Connecting state and local government leaders
The Centers for Disease Control and Prevention extended the eviction ban through July 31. Housing advocates have lobbied to extend protections as federal emergency rental assistance is being doled out.
This story was updated Thursday to reflect that the CDC approved the eviction moratorium extension.
The federal eviction moratorium, previously set to expire June 30, was extended by one month to offer additional protection to tenants who have fallen behind on rent during the coronavirus pandemic.
Centers for Disease Control and Prevention Director, Rochelle Walensky, signed an extension of the existing national eviction moratorium on Thursday. The extension will keep the eviction ban in place through July 31. This marks the third time the moratorium, which was first adopted in September, has been extended.
Officials who were briefed on the Biden administration's plans confirmed Wednesday that the CDC moratorium would be extended once more.
Housing advocates praised the move.
“Extending the moratorium is the right thing to do—morally, fiscally, politically, and as a continued public health measure,” said Diane Yentel, president and CEO of the National Low Income Housing Coalition. “Allowing evictions to proceed when there are tens of billions in resources to prevent them would be wasteful and cruel.”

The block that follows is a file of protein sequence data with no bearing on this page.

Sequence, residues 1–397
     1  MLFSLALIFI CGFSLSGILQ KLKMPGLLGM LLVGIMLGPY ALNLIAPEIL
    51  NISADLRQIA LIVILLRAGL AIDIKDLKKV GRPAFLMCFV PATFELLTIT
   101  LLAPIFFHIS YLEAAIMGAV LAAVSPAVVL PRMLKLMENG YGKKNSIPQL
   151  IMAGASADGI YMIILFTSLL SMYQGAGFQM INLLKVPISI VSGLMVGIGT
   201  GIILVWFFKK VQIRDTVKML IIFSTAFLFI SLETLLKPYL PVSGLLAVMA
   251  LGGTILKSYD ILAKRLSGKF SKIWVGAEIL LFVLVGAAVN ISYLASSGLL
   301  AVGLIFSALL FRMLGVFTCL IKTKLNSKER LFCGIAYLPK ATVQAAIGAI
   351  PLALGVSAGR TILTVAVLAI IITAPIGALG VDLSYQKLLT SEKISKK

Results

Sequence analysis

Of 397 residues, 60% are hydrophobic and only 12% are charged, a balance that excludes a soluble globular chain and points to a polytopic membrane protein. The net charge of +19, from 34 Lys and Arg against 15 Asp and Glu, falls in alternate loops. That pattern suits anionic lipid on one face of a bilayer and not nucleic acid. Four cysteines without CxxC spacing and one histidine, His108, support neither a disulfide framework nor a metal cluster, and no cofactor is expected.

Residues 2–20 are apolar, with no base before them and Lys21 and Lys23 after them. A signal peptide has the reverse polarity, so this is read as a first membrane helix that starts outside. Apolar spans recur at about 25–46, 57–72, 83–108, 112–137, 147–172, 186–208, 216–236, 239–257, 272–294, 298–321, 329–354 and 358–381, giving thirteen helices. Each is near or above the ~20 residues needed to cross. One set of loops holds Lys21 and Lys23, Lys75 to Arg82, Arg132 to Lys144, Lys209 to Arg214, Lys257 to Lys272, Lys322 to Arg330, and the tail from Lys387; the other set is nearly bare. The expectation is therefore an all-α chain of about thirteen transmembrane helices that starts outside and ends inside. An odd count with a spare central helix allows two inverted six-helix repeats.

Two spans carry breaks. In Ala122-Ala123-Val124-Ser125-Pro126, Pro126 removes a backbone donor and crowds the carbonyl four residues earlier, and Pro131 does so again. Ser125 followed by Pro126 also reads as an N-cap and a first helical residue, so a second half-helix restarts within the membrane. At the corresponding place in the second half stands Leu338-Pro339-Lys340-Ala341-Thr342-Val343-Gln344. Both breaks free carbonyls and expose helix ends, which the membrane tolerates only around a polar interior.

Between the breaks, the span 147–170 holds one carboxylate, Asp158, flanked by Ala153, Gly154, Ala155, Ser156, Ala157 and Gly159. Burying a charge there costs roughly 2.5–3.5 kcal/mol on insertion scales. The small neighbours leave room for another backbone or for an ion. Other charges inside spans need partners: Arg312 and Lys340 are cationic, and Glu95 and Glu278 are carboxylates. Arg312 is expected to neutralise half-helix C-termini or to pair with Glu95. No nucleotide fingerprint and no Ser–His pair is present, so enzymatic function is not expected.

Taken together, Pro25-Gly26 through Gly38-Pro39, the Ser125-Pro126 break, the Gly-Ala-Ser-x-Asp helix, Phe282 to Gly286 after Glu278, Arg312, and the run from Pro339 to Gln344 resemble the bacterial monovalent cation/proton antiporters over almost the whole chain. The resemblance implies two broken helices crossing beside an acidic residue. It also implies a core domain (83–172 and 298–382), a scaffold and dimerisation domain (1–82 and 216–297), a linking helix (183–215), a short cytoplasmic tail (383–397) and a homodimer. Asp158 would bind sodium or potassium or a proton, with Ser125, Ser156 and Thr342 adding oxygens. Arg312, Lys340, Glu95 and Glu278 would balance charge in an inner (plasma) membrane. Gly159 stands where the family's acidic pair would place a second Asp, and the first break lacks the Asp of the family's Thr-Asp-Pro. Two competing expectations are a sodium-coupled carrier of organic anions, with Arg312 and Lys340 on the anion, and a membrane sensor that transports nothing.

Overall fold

White House press secretary Jen Psaki on Wednesday deferred questions about a possible extension to the CDC, saying the White House "wouldn’t get ahead of their assessment."
Reuters first reported the moratorium extension, indicating an announcement from the administration could come as soon as Wednesday.
The moratorium has come under attack from landlords and realtors who say it has shifted financial hardships from renters to apartment owners who have gotten no such financial reprieve. The U.S. Supreme Court is weighing a petition from landlords asking that the moratorium be struck down.
Housing advocates have asked the Biden administration to keep the eviction ban in place longer while cities and states work to distribute emergency rental assistance to renters who have fallen behind on payments during the coronavirus pandemic.
Yentel said the extension will also give cities and states more time to increase vaccination rates.
Congress allocated nearly $47 billion in emergency rent relief through the Covid-19 aid legislation approved in December and March. But local jurisdictions had to devise rent relief programs and mechanisms for doling out the money from scratch. Facing crushing demand, many jurisdictions have struggled to get the money to renters.
“There is all this new money available for rental assistance for people who have gotten behind on rent,” said Steve Berg, the vice president for programs and policy at the National Alliance to End Homelessness. “A month would allow a lot of rental assistance that Congress has provided to get in the hands of landlords and tenants.”
It’s difficult to predict how many renters would face evictions if the ban is allowed to expire at the end of this month, Berg said.
Other housing experts have estimated that 4 to 5 million households are at least three months behind on rent, putting them at high risk of eviction when the moratorium ends.
“Not all of those will become homeless, some will find a way to keep a roof over their head,” Berg said. “But it's going to make the problem worse.”
Andrea Noble is a staff correspondent for Route Fifty.
NEXT STORY: The Best and Worst States for Child Well-Being